End is near for Shepard Fairey’s Melrose Avenue mural
If you’ve driven along Melrose Avenue in the last couple of weeks, you probably have noticed a new outdoor mural on the north side of the street near Ogden Avenue, across from Fairfax High School.
The recognizable mash-up of pop-psychedelic images -- including an elephant, a lotus flower and “Obey” logos -- point to only one source: Shepard Fairey, the popular and controversial L.A. street artist.
Fairey and his team of artists created the 56-by-18-foot painting on the exterior of De La Barracuda, a clothing, hair and art gallery space frequented by über-hip trendsetters.
A spokesman for Fairey said the artist has a close working relationship with Barracuda. He said the outdoor wall space usually is used for advertising but there was a gap in bookings, so the owner allowed Fairey to temporarily take over the space for his artwork.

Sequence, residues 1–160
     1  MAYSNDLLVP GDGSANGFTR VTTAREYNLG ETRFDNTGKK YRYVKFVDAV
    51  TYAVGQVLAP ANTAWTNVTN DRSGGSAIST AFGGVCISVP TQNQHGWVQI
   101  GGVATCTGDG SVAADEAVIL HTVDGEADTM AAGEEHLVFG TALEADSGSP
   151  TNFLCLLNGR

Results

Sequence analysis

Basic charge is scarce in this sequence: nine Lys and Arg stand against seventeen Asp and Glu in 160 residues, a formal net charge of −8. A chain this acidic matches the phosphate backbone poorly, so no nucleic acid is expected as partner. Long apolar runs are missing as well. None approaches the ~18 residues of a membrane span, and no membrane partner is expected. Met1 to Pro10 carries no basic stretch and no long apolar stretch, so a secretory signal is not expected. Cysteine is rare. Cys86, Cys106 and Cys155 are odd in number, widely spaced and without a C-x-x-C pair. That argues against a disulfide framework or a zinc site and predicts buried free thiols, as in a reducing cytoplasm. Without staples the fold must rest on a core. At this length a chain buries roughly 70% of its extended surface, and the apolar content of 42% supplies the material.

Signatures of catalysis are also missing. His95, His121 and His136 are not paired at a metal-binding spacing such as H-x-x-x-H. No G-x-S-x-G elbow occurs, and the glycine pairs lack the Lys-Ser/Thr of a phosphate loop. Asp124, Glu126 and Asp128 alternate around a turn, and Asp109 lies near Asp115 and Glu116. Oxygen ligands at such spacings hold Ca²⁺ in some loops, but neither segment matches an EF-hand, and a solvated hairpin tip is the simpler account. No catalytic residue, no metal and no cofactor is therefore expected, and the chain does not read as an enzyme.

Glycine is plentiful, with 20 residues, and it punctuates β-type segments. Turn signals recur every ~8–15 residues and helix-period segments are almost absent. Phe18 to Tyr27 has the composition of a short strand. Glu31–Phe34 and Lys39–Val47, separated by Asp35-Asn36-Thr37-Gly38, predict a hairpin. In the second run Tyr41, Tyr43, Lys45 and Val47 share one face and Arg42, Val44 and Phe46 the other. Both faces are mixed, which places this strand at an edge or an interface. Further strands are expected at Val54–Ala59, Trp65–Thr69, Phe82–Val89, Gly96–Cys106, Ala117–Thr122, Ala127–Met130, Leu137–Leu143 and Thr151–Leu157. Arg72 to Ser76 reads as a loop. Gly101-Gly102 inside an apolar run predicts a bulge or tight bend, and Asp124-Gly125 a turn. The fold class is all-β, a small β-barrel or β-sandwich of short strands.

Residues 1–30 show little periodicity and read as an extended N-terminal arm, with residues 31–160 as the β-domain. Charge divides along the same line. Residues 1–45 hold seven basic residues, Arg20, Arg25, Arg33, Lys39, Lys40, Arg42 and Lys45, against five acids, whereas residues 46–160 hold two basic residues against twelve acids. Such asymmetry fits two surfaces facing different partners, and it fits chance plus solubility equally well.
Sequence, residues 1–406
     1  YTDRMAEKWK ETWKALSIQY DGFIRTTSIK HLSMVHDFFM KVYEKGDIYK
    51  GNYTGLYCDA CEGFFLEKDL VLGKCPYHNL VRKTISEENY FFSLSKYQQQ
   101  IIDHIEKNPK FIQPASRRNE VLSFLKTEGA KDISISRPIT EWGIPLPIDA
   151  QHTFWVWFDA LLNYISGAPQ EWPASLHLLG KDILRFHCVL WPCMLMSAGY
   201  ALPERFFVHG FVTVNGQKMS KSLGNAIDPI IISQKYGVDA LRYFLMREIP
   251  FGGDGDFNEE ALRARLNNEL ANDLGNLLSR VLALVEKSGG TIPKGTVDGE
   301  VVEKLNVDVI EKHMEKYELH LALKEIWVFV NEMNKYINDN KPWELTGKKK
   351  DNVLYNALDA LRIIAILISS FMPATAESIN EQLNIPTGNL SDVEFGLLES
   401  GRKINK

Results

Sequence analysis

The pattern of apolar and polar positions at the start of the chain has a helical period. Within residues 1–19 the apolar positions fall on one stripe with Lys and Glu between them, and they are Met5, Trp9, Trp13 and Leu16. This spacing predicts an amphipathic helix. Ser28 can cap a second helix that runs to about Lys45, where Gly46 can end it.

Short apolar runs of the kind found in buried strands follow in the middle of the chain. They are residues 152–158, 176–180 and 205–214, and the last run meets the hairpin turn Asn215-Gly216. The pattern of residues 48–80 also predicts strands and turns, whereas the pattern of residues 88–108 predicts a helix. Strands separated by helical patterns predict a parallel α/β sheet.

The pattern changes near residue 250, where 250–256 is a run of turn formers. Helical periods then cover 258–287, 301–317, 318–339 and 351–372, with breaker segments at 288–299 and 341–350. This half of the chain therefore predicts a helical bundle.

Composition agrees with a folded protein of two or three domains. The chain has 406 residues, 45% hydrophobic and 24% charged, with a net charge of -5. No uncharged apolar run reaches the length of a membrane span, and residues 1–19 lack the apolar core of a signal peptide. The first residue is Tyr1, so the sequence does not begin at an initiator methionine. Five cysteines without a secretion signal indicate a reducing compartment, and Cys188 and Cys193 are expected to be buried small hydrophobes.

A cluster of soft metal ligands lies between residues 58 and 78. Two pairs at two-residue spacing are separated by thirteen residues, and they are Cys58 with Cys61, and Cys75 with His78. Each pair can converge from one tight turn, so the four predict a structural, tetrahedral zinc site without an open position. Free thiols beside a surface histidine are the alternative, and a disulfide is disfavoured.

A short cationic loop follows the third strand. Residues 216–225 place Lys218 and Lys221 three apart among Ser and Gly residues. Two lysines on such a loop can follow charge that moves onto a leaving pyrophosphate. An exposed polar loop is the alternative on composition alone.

Anyone wanting to check out the mural in person is advised to do so soon. The spokesman said that the artwork is scheduled to stay up only “for another couple of weeks” before it is covered up by an advertisement.
Fairey has recently been busy with his upcoming solo show “May Day” at Deitch Projects in New York scheduled to open May 1. The Fairey show is the last exhibition at the space before Jeffrey Deitch becomes the new director of the Museum of Contemporary Art in L.A.
The artist is battling the Associated Press in a fair-use legal case concerning his “Hope” poster of Barack Obama. In October, Fairey admitted that he knowingly submitted false images and deleted others to conceal that the AP had correctly identified the photo used as a reference for the poster.
On Monday, a judge in New York asked that Fairey disclose the identities of parties who deleted or destroyed records related to the case.
-- David Ng